# Stop worrying and just sketch!

So many people tell me that their sketches aren't good, but they are just overworking it! People assume that a sketch has to be beautiful, with straight, clean lines, and maybe even a little color. They are wrong.

Sketching is a device for communication. As soon as you have what you need, you can stop!

To demonstrate my point. Let's talk about compound interest. Anytime we sketch data visualizations it can be tempting to put in real numbers. This can be time-consuming and unnecessary for the purpose. See below some simple sketches.

[caption id="attachment_1512" align="alignnone" width="2872"]basic sketch_1.jpg Left, a representation of what your savings account looks like over time if you don't earn interest. Right, a representation of the compounding interest you earn on the money you put in.[/caption]

Upon further inspection, it might appear like the result of the left and right plots end at the same dollar values. This does not do a good job at communicating the purpose of the concept.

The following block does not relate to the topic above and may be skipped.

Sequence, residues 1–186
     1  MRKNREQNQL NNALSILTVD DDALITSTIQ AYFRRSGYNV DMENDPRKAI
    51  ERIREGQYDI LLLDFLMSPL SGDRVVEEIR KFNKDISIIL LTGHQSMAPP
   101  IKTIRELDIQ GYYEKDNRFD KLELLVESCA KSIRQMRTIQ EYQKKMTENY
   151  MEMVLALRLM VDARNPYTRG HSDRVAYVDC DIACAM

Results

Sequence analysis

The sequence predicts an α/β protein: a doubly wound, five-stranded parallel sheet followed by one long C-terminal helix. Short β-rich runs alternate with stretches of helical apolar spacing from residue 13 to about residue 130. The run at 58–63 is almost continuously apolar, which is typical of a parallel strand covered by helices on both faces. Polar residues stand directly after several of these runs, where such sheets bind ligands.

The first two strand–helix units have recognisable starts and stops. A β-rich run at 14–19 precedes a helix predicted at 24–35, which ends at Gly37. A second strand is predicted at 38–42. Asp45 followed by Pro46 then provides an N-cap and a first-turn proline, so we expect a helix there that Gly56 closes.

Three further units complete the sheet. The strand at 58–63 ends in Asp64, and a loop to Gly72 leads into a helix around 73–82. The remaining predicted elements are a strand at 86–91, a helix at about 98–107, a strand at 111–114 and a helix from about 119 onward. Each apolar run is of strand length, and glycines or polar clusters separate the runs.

What you get out is exponentially more than what you put in.

I have adjusted the axes to have the same range across the plots. This helps show the scale difference between the amount of money saved and how much money you receive back in interest. I also added a combined plot that shows the difference.

[caption id="attachment_1528" align="alignnone" width="3236"]basic sketch_3.jpg Y-axis have the same data range. The right-most representation shows the two lines together.[/caption]

This isn't significantly more sketching effort than the first sketch. It doesn't contain numbers. It isn't very accurate, but it communicates the point.

Now, I can use the data visualization in a mockup of a quick calculator.

[caption id="attachment_1546" align="alignnone" width="2456"]basic sketch_4.jpg A simple interest calculator.[/caption]

This sketch can be validated with stakeholders, subject matter experts, and engineering teams. From there, we will learn and iterate.